An image you can never forget can mean a lot of different things to different people. For someone who grew up with a pickup truck in the family, that image is oftentimes a truck reoccurring in their dreams several decades after it's long gone. For Al Ming of Valley, Washington, the truck he could never forget was his dad's pure white '65 Chevy shortbed Fleetside that he bought brand new and learned to drive in. Al grew up in Hinckley, California, where his folks had the only paved driveway in town; not only was it paved, it was about 50 yards long. Al's dad gave him the keys to the 283-inch V-8-powered pickup and let him practice shifting the three-speed column from one end of the driveway to the other. As the years passed, many things in Al's life changed, chromium 6, PG&E, and Erin Brockovich, just to mention a few. With a heavy heart, Al left the California high desert he loved dearly and transplanted his family to the Spokane, Washington, area. It wasn't an easy move. Al worked through Washington's cold, damp winters shoveling mud out of ditches just to make a living while dreaming about owning a '65 Chevy shortbed Fleetside.
Al searched for 15 years, but the '65s that weren't too expensive were rusted-out, cancerous hulks he wouldn't wish on a PG&E executive. Then one day Al spotted his future '65 for sale within the pages of the local Wheels & Deals newspaper. The first thing Al did when he got the truck home was to tear it down to the bare frame and ship all the body parts to a paint shop in Spokane. Auto body shops are like lawyers-you never know if they're any good until it's too late. After 1 1/2 years at the first "half-wit bodyshop," Al discovered the 65's paint was peeling off the surface-rusted steel panels like it was a mid-'70s General Motors product. Al's luck with the second "half-wit body shop" was just as bad, but the third time turned out to be the charm. Al had Barry Brent in Spokane repaint the '65 in a Sherwin-Williams custom-mixed green base with a clear urethane topcoat. It was right before we photographed Al's truck at the Goodguys' Great Northwest Nationals that Barry rolled the '65 back into his shop and laid out ghost flames, artwork, and pinstriping that can't be felt to the touch thanks to a ton of clear and a whole lot of Barry's craftsmanship.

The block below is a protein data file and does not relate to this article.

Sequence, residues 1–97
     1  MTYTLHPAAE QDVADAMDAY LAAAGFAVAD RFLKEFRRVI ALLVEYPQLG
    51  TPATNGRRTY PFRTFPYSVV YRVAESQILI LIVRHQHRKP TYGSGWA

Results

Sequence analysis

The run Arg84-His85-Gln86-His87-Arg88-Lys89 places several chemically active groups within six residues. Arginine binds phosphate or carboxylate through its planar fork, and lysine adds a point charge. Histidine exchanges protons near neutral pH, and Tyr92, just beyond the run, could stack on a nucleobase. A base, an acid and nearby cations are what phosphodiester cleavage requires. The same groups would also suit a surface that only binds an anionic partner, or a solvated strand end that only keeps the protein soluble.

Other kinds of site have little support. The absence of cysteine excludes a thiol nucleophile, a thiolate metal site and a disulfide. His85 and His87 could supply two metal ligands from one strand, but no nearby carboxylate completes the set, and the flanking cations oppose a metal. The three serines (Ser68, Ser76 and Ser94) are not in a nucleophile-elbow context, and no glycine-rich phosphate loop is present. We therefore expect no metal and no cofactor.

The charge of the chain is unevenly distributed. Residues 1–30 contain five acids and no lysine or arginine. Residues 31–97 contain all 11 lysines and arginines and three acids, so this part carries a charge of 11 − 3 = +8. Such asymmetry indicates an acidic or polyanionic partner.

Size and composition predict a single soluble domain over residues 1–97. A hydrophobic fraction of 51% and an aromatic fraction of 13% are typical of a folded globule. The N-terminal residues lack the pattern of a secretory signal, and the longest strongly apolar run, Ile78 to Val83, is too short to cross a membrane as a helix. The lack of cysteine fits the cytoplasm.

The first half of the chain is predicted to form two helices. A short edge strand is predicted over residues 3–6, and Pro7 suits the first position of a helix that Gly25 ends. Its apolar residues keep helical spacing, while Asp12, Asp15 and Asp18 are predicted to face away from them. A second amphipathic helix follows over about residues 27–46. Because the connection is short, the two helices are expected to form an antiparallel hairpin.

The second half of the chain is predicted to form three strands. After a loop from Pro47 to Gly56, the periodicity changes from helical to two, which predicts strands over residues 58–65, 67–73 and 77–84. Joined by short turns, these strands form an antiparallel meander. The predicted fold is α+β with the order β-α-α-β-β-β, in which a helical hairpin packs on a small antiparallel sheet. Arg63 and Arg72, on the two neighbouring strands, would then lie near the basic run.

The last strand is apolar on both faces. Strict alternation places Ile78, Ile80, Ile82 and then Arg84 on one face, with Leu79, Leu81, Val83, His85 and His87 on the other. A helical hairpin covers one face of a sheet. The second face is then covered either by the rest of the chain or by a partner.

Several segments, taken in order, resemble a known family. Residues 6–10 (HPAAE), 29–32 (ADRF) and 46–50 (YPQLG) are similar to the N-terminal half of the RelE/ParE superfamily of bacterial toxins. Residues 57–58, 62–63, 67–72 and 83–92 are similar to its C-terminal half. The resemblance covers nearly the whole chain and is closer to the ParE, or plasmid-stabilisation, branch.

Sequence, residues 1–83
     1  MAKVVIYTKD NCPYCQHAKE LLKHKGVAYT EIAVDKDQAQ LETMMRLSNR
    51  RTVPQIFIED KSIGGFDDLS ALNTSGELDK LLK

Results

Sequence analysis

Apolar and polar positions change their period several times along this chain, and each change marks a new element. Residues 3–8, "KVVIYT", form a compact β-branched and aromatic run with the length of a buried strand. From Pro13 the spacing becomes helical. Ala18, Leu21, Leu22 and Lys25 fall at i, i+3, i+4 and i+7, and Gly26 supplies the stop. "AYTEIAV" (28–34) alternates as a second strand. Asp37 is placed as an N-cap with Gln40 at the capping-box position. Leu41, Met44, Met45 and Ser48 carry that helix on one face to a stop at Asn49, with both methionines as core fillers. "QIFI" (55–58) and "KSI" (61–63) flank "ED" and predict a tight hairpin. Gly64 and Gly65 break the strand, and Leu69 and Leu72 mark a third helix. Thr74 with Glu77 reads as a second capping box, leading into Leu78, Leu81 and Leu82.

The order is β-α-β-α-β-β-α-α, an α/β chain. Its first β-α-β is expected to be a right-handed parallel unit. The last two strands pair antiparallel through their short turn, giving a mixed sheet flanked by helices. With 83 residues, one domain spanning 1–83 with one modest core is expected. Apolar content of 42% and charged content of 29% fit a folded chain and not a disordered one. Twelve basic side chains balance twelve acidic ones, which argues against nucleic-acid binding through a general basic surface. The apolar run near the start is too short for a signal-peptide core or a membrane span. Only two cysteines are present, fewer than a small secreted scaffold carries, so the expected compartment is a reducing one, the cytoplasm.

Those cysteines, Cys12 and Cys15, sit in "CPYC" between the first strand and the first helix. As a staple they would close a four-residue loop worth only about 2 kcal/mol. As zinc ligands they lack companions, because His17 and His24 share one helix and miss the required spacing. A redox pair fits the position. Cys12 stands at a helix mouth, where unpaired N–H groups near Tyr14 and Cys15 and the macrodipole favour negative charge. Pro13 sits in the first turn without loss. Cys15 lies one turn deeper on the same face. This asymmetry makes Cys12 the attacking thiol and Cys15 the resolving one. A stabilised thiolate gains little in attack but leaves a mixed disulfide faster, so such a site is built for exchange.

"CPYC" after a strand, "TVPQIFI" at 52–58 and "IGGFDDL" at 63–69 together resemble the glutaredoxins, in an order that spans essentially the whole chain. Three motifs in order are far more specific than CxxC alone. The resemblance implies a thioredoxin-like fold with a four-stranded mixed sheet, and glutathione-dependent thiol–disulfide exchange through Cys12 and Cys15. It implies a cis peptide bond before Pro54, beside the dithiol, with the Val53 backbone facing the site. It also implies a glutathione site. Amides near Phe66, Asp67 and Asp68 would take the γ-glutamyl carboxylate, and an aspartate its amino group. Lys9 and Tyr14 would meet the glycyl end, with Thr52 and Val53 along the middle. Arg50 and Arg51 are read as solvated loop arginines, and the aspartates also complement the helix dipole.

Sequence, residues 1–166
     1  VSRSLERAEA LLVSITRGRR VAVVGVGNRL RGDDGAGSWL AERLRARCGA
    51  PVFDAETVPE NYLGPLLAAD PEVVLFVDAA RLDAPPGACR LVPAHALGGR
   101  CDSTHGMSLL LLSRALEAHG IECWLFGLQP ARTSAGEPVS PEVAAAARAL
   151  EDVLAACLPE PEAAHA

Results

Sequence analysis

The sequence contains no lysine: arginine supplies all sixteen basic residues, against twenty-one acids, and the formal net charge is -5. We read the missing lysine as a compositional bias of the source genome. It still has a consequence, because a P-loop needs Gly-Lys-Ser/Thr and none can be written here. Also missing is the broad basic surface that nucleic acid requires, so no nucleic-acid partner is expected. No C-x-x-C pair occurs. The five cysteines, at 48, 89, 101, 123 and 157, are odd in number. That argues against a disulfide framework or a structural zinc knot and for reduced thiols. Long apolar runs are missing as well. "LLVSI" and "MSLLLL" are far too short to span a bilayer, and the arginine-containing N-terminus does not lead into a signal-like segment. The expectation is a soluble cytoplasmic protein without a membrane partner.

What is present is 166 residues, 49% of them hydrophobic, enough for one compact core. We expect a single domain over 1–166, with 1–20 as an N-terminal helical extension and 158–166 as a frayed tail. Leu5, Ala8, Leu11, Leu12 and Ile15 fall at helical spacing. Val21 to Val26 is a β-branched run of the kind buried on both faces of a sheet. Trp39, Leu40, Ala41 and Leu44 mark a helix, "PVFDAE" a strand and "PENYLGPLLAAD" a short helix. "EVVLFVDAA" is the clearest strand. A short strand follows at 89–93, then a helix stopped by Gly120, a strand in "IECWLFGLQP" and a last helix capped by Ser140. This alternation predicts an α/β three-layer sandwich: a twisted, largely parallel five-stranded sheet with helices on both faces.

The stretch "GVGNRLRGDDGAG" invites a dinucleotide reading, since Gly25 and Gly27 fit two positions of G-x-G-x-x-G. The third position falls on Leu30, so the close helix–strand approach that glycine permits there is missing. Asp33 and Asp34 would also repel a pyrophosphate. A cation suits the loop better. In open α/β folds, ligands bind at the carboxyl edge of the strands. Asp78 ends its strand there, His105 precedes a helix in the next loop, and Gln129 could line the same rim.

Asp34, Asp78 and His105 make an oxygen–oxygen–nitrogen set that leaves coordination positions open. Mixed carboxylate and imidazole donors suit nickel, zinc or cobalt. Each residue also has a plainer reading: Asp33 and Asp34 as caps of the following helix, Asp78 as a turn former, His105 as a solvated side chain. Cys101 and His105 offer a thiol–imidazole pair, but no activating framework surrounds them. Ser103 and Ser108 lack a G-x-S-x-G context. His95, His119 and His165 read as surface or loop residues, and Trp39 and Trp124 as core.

With the exception of the paintwork and the '65's 383 stroker motor, Al did most of the work on his truck. The rear suspension was lowered using components sourced from Early Classic Enterprises in Fresno, California, with KYB gas-adjustable shocks installed. For gearing, the Chevy packs 4.11:1 gears with a posi-traction. Up front, Al installed a super-trick Jim Meyer bolt-on IFS kit complete with power rack-and-pinion steering with 12-inch power disc brakes and a beefy heavy-duty front sway bar.
For wheels and tires, the '65 rolls on 15x10-inch chromed Corvette Rally Sport wheels shod with 50-series BFGoodrich T/A s. At the time we shot Al's truck, he was running the '65's original four-speed truck tranny complete with compound low. Since then, Al has installed a beefed Turbo 400 with a Lokar shifter. Under the hood lies the heart and soul of rock 'n' roll, a super nasty 383 stroker from Kirk Westberg and his partner, Andrew, at Advanced Engine. Starting from the top, induction is handled with a pair of Edelbrock 500-cfm four-barrel carbs sitting caddywhompass on an Edelbrock cross-ram intake manifold. From here, the mixture is swirled through a set of Airflow Research cylinder heads with valves taking orders from a COMP Xtreme hydraulic roller cam fixed to a Cloyes geardrive setup. On the spent end of the combustion cycle, Flowtech headers dump into a pair of Flowmaster mufflers. For oiling, the stroker Chevy relies on a heavy-duty oil pump drawing 20-50 from a polished aluminum oil pan.
Inside the cab, Al's bright green '65 features the upholstery skills of Lee Henning of Deer Park, Washington. Lee re-covered the stock Chevy bench seat in rich black velour with black deep-pile carpeting to match. For the 65's sound system, Al custom-rewired the entire truck and stuffed in an Eclipse head unit and amplifier feeding an assortment of MTX and Panasonic speakers into the cab.
For as many months as Washington state weather permits, usually early May to sometime in October, Al likes to drive his '65 as much as possible. When the climate turns bad, Al rolls his truck into his really nice home shop (we know this firsthand since we visited Al last August) and tears back into the '65. For the 2007 show season, Al tells us he'll be rolling out with a smoothed firewall and a bunch of super-trick Jim Meyer goodies. Since the Spokane Goodguys show is on Custom Classic Trucks' list of must-attend shows, we'll be there in full force to check it out.
The '65's dash cluster is packed with red-lit VDO gauges and an Eclipse head unit. The ste
Egads, dual-quads! Advanced Engine punched the '65 out to 383 inches and packed it with Ai